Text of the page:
It seems in parenting, you never stop learning and your kids never stop teaching.
I head the committee at The Baby’s preschool that handles mulching the playground. That happened Saturday at the same time as The Middle One’s t-ball game so The Husband tackled mulch and I went to t-ball with the rest of the circus. It was my first game as I’m usually the one who stays home so the other two don’t get dragged to everything. I spent too many years, as the youngest kid, forced to sit in bleachers at events I could have cared less about. I swore I’d try to avoid dragging my kids to all their siblings’ events.
But Saturday we all went and it was tough to pay too much attention because The Girl was cold and in the car and The Baby was itching to be pushed on the playground swing so I had two eyes in three places most of the time.
What I did see was both pride inducing and also confirmed my suspicions that I should stay away from children’s sporting events lest I embarrass them for the rest of my life.
It is hard for a former ball player not to have opinions about ball.
I did my best to keep my mouth shut during the official game time but it was hard. What I learned, by keeping quiet, is that you can’t judge that boy simply by what you see. At one point, the coach was trying to tell him something about setting up before he threw to first and the whole time coach was talking, The Middle One was tracing circles in the dirt. It was all I could do not to yell out, “pay attention to your coach boy”.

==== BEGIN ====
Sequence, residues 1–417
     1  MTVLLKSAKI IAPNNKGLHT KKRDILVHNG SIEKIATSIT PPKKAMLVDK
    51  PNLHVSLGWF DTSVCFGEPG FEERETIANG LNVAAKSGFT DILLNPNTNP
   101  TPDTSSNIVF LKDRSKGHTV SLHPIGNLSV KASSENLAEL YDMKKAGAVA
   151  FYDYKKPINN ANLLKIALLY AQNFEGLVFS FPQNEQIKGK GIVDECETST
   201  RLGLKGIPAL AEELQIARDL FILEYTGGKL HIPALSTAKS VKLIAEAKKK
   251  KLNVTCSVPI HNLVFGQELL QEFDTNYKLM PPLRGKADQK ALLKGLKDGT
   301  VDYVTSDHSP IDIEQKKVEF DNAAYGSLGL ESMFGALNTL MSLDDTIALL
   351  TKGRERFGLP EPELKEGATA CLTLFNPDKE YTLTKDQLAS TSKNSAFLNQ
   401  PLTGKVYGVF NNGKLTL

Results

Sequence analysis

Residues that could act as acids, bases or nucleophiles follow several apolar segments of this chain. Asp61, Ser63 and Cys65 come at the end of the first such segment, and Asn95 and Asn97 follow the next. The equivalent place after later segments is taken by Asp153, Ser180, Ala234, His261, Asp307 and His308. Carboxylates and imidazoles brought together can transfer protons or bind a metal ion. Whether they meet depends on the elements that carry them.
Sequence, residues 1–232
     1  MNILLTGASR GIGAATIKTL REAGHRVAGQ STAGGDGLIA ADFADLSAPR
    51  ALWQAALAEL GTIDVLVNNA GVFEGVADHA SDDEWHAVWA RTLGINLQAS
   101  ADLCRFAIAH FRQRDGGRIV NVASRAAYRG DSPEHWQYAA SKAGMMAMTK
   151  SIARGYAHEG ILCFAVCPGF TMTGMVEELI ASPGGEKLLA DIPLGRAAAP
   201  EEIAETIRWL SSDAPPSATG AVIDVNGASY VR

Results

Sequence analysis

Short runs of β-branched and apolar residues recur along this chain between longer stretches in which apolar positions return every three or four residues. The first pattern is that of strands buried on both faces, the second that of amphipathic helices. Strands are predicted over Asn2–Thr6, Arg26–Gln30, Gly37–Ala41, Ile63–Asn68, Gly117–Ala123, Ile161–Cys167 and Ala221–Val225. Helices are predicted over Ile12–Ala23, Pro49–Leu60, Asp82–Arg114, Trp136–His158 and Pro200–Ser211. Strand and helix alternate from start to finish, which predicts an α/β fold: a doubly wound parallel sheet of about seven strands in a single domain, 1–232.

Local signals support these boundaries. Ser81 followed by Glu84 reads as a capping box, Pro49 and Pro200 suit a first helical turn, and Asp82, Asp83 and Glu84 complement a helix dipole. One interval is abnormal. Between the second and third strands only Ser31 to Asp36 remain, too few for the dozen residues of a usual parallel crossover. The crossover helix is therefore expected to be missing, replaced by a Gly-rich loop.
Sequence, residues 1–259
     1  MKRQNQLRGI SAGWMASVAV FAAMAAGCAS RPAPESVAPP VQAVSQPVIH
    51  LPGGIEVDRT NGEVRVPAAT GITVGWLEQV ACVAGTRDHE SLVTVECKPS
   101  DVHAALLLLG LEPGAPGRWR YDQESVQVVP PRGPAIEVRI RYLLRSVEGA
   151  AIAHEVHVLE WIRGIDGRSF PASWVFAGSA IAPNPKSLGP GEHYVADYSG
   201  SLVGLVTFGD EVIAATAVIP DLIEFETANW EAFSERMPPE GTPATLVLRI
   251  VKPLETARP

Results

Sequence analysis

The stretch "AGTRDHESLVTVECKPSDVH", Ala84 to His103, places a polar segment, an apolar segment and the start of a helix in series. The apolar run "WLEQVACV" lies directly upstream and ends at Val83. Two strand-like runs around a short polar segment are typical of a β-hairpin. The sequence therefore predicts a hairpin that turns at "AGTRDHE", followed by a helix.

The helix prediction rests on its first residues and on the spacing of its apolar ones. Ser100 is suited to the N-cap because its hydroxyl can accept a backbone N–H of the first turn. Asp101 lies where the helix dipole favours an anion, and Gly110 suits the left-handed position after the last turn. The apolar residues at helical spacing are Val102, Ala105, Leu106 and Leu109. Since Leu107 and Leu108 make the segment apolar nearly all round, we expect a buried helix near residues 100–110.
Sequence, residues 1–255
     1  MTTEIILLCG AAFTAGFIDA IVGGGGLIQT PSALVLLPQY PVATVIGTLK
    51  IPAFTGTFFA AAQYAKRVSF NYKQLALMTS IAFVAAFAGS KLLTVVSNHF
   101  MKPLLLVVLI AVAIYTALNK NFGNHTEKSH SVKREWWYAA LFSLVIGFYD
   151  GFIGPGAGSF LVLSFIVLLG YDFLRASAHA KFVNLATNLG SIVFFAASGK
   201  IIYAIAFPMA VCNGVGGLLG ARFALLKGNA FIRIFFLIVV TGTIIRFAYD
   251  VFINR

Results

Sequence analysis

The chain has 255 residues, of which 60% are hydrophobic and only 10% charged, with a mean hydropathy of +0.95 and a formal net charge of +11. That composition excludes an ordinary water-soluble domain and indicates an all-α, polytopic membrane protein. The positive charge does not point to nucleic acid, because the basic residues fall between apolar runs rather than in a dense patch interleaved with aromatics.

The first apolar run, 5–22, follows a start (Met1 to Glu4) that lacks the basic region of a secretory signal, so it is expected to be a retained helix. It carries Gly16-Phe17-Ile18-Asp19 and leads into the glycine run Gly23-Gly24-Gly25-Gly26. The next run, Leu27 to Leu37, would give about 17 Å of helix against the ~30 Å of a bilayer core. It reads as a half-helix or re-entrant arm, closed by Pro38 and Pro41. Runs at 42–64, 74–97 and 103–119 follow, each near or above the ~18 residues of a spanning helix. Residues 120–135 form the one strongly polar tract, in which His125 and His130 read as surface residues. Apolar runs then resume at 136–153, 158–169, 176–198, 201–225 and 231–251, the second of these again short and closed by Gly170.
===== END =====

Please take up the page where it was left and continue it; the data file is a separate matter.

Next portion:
Wouldn’t you know the very next play he fielded the ball, turned, set his feet and threw to first. When he looked back at the coach for approval it was as if someone were tapping me on the shoulder whispering in my ear, “Haven’t you learned to stop underestimating this kid?”
He was listening. In his own way.
He takes his roles in life very seriously. He takes direction exceptionally well. I forgot that as I watched him trace circles in the dirt-like most six year old boys do from time to time. I forgot how good and earnest and hard working he was. I tried to guide him and he was doing just fine without me. The best part came when he demonstrated to another kid on his team how to get his body, not just his mitt, down in order to field the ball-just like his dad and I have shown him countless times before.
Even if it may not seem that way, he is listening.
To us too.
P.S. Looking for more parenting guidance and tips for self-care? Check out From Chaos to Calm a guided training to help you feel better in this tough season.